ChIP assay was performed as described previously [23,45]. Briefly, cells from the EBs were fixed with 1% of formaldehyde for 15 minutes at 37°C, quenched with 200 mM glycine and then lysed in Lysis Buffer (50 mM Tris-HCl pH 8.0, 10 mM EDTA pH 8.0, 1% SDS, 1 mM DTT, 1 mM PMSF, 5 mM sodium butyrate, and protease inhibitors) for 10 minutes on ice. The lysates were sonicated with a Bioruptor system (Diagenode) and pelleted by centrifugation at 14,000 g for 15 minutes. The supernatants were pre-cleared by incubation with DNA-blocked protein A-agarose beads (Upstate) for 1 h at 4°C, then immunoprecipitated with indicated antibodies overnight. IgG antiserum (Zymed Laboratories, Inc., CA) was used for the negative ChIP control. Undifferentiated and untreated cells were also included as negative controls. DNA was purified using Omega Bio-tek Cycle Pure Kit, PCR primers for the Myf5 early enhancer:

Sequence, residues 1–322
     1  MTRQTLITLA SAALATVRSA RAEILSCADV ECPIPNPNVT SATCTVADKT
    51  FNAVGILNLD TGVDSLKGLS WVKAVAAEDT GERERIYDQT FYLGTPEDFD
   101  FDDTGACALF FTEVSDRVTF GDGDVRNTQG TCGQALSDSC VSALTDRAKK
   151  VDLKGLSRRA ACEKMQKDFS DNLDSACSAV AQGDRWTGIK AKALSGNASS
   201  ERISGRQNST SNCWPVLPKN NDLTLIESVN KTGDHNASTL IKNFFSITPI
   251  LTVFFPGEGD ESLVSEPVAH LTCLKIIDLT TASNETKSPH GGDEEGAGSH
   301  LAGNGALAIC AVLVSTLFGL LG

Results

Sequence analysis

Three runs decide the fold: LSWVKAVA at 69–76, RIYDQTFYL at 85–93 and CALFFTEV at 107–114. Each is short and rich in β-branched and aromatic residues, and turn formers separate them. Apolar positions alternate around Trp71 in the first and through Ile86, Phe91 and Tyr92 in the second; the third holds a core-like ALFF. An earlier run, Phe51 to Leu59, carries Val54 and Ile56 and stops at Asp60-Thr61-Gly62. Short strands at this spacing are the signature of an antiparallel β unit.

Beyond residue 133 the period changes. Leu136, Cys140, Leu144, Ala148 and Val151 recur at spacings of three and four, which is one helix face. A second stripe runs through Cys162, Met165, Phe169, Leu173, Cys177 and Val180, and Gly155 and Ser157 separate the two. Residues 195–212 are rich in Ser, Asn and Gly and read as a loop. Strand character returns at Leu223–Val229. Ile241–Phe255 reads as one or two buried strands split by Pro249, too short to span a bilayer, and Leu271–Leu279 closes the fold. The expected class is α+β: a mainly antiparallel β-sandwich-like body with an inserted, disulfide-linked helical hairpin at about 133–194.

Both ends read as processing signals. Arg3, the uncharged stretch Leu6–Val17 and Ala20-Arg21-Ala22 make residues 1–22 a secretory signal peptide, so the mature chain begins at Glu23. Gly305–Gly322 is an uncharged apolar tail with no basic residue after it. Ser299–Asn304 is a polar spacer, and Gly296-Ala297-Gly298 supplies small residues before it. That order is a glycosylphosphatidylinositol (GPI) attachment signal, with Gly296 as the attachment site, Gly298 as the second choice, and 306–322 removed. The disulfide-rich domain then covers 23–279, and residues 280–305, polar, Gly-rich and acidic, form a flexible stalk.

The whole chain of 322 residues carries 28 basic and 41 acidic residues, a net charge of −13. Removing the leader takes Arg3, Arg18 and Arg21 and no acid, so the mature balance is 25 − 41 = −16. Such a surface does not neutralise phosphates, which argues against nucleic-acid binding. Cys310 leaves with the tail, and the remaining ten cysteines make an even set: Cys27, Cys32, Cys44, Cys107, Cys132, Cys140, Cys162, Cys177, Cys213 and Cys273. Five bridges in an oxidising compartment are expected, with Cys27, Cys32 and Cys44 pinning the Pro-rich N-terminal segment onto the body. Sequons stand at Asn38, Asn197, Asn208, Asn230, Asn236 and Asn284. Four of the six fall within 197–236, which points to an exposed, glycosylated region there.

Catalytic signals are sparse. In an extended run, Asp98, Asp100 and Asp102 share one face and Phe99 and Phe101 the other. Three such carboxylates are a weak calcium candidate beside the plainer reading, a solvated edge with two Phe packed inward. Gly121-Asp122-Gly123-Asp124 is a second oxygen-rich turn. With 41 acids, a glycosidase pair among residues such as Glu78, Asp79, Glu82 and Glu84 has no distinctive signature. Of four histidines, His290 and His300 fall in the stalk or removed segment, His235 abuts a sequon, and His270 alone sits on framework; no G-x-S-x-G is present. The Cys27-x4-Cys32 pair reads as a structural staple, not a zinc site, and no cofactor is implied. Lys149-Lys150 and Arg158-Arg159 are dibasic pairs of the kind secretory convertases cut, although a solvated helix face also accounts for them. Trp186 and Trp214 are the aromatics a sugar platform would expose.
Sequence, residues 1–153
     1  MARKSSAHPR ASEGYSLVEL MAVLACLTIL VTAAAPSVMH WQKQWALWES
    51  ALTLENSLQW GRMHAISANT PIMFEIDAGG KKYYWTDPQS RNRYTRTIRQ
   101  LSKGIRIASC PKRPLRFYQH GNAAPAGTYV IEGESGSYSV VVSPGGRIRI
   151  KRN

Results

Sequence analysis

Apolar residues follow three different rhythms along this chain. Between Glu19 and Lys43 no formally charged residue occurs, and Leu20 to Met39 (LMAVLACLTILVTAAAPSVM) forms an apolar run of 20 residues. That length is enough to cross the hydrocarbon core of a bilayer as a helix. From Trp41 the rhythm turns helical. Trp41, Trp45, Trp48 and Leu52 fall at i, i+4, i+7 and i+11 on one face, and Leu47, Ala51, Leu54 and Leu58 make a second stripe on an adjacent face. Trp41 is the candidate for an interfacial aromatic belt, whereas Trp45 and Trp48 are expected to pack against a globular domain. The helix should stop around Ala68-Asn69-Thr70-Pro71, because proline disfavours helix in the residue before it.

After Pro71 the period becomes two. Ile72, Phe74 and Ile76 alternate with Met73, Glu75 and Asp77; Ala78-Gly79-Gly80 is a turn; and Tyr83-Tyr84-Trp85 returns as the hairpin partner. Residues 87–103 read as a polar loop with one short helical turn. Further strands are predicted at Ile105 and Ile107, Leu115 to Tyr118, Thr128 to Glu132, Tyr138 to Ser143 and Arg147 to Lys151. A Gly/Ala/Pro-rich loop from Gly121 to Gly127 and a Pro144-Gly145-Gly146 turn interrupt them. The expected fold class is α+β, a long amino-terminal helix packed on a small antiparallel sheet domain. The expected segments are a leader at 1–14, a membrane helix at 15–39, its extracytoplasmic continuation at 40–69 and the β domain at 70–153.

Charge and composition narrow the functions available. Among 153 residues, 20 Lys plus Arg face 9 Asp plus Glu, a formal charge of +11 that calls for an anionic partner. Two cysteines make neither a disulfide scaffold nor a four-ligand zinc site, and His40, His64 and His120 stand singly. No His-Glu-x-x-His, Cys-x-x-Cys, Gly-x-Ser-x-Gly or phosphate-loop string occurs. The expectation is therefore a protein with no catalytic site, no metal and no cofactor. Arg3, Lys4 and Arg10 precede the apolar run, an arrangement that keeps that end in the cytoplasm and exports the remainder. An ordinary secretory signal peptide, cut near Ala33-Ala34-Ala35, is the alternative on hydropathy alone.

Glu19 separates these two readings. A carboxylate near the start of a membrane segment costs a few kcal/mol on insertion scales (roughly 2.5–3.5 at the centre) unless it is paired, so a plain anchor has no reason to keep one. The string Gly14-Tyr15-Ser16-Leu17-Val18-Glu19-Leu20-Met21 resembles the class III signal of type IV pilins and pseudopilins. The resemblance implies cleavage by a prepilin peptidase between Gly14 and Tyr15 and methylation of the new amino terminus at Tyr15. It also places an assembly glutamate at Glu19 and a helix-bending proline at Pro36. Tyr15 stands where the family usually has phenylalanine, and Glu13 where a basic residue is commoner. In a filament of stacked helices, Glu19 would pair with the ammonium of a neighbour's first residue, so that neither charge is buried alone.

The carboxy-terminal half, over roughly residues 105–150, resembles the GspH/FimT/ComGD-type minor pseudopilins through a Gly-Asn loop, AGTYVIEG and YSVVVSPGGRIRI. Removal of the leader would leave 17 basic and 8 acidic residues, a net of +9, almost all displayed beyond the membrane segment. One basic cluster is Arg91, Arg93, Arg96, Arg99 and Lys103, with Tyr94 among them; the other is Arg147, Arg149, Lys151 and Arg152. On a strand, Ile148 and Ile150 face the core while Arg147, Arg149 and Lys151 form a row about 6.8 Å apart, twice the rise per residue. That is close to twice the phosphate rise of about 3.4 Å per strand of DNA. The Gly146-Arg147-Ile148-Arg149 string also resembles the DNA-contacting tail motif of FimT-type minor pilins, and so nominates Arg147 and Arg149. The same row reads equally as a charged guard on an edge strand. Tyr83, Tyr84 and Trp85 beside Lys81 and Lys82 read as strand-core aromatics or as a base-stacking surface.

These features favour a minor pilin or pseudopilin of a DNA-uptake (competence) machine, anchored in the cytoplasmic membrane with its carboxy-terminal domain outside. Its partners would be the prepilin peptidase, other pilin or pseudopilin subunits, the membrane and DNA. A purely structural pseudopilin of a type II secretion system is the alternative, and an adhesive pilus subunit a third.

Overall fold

EE fwd- AGAAGCGGCACACGTTGTA;

EE rev- TGGAGAAGAGTGAACATCCTTG

Acknowledgements

This work was sponsored by operating grants from Canadian Institutes of Health Research andNatural Sciences and Engineering Research Council of Canada (to Q.L.). T.F. was supported by a Graduate Scholarship Award from the Natural Sciences and Engineering Research Council of Canada, and M.H. was supported by a Graduate Scholarship from The Ministry of Higher Education of Saudi Arabia. We also thank the N.I.H. (GM62437 to P.A.C.) for support. We express gratitude to Dr. M.W. McBurney for interesting discussions on stem cell systems and Dr. I.S. Skerjanc for differentiation protocols.